Looking back to when I first began blogging in 2007, it’s clear that I knew virtually nothing about taking pictures of food. My process back then went something like this:
Make something, put it on a plate or in a bowl, put it on the counter or table, snapped a picture and eat. At some point in the future, upload it and post it online. No fancy camera, no editing… it was all bare bones.
It wasn’t until months later, when I was still blogging and photographing food on a very regular basis that I realized I had quite a bit to learn about how to make the food that I knew tasted fantastic look just as good on the screen. It’s been an extremely large learning curve over the last 7-plus years, but I’ve picked up some tips and tricks along the way. I receive a lot of questions about the photography on this site, so I thought a little overview might be useful. Be sure to read the whole way to the end; the folks at Adobe are sponsoring an awesome giveaway!
The number one piece of advice that I can give, no matter what type of camera you’re using, is to shoot as much as possible using natural light. I am lucky in that there is a breakfast room right off of my kitchen that is covered in windows, and that’s where I take all of my photos. The only exception is if I’m taking step-by-step photos while preparing a more complicated recipe – those are almost always shot at my kitchen island, under artificial light. The photos just don’t have the same life, pop and color as the ones shot in natural light.
One of the biggest challenges that I faced at the beginning (and that I still face today), is “styling” the shot. This means thinking through a background, the type of plate or bowl, garnishes, props like silverware or drinks, colors and the like. This might be the thing that comes least naturally to me. I am not inherently creative and I don’t have an eye for design, so trying to set a scene is sometimes challenging for me. Many times I go the minimalist route and just let the food shine through and speak for itself. I’ve found that referencing a color wheel can sometimes help with matching colors, and that food pops on white plates, as opposed to colored or patterned plates. Lately, I’ve been using more dark backgrounds; depending on the color of the food your photographing, it can really make it stand out!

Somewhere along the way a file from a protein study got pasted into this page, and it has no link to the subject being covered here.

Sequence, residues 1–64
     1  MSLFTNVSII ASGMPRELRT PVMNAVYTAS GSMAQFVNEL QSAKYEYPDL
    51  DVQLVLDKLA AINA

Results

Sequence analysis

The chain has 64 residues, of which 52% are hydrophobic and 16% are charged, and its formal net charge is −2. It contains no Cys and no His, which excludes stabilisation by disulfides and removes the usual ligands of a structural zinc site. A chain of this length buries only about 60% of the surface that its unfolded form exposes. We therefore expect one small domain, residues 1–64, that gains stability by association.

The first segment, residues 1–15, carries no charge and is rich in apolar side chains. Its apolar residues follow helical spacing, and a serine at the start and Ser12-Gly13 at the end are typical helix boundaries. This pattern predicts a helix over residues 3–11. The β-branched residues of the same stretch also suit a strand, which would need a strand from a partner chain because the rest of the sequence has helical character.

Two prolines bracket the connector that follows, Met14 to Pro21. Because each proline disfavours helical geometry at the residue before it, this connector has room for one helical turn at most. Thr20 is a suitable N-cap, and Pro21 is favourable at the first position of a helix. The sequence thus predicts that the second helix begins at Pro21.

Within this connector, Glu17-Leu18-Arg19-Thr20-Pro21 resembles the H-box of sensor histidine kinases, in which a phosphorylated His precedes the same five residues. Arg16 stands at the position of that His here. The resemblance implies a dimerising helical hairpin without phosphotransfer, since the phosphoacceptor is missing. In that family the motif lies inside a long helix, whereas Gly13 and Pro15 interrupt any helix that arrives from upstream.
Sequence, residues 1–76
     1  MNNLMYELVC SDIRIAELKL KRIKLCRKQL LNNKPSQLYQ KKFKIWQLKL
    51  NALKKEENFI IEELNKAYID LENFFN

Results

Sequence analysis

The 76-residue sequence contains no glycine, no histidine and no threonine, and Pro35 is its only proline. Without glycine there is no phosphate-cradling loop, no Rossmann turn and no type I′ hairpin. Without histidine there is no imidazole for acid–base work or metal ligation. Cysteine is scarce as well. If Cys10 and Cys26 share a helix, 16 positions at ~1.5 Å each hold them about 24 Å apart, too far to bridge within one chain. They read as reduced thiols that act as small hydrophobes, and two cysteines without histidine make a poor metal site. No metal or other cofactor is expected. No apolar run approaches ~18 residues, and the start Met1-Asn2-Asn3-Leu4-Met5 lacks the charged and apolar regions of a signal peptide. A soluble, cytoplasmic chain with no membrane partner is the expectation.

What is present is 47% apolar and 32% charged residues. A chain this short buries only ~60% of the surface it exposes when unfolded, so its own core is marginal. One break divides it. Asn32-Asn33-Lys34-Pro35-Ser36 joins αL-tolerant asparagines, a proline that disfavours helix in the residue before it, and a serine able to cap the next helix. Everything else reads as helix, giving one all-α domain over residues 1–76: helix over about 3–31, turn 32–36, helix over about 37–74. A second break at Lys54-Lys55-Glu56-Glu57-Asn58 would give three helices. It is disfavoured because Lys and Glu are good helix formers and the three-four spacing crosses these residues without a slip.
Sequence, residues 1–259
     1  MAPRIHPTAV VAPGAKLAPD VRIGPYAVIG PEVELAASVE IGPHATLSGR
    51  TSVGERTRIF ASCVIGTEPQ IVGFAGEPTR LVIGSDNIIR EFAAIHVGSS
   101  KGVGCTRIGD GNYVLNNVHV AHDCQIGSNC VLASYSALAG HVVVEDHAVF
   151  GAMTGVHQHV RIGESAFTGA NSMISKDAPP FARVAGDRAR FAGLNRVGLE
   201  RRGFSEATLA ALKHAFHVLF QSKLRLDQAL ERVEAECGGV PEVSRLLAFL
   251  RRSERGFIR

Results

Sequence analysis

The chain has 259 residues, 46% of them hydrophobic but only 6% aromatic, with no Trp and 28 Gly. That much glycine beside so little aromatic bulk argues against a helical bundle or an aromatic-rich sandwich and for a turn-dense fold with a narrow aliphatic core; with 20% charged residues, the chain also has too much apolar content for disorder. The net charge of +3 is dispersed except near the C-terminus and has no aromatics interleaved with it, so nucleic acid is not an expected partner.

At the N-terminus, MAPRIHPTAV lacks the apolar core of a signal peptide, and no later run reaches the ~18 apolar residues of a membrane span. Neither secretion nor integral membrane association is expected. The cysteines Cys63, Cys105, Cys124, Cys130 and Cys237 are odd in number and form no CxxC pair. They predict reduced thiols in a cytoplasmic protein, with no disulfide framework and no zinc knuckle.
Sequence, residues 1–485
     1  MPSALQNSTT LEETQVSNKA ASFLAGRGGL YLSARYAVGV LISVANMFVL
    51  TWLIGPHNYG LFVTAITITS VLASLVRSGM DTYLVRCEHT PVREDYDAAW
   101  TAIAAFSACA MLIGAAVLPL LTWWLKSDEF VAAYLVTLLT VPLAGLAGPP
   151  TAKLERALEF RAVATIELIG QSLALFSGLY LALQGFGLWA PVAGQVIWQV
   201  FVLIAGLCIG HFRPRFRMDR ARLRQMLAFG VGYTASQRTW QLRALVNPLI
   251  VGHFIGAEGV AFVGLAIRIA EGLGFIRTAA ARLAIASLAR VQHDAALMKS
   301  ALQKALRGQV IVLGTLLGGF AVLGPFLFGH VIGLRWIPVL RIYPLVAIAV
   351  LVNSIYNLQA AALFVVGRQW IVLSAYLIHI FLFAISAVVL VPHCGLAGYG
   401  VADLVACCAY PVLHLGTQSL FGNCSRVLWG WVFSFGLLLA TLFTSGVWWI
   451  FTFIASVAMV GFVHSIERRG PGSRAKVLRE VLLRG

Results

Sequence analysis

While you certainly don’t need a fancy camera to get started taking photographs of food, you will notice a different in the quality of the photos once you start using one. When I first began blogging in 2007, I used a Canon PowerShot point and shoot, then moved on to a Panasonic Lumix point and shoot. In December 2010, I began using my first dSLR, a Canon Rebel T2i, which was a fantastic entry-level SLR. Two years later, in December 2012, I upgraded to the camera I am currently using, the Canon 5D Mark III. Although I’ve been using them for nearly four years now, there is so much to learn about SLR cameras, and I’m constantly Googling questions I have. There are a ton of great blogs and resources out there, but getting familiar with all of the settings and how they affect one another is best done through an insane amount of practice. Using that camera not only to photograph food, but people, pets, landscapes, sporting events – anything you can think to take a picture of – will help you familiarize yourself with all of the intricacies of the camera.
As for lenses, I started out using a 50mm 1.8 lens, which I retired after upgrading to the 50mm 1.4 lens. While I now have a variety of lenses that I use depending on what I’m photographing aside from food, the one I use for 98% of my food photography is a 100mm 2.8 macro lens. There’s nothing quite like getting up close and personal with an awesome macro lens to showcase the texture of the food you want to photograph. I find that even if I’m not taking a super close-up shot, the macro lens still tends to pick up the most amount of detail in the food, so it is absolutely my default lens.
Once the photos are taken, I upload them into Adobe Lightroom, which is what I use to organize my photos and do all of my editing. I typically don’t do anything too drastic, as I try to get all of the important settings nailed down on the camera before I start shooting away. I love the preset function that Lightroom has, so with one click I can make a batch of edits all at once. The adjustments that I usually tinker with are white balance, exposure, contrast, whites, saturation and clarity.
While I don’t use Photoshop on a regular basis, I will load photos into there if I need to do any advanced smudge removal, or sometimes to create collages. I would love to get some more in-depth practice at using everything that Photoshop has to offer!
The folks at Adobe have an awesome giveaway for you – they are offering up a one-year subscription to their Creative Cloud Photography Plan, which will give you unlimited access to Adobe Photoshop, Adobe Lightroom and Adobe Lightroom Mobile. Throughout the course of the subscription, the software will automatically update to the newest versions; no need to wait for a new release! Be sure to enter below for your chance to win! GOOD LUCK!
Disclaimer: This giveaway is sponsored by Adobe, but all opinions are my own.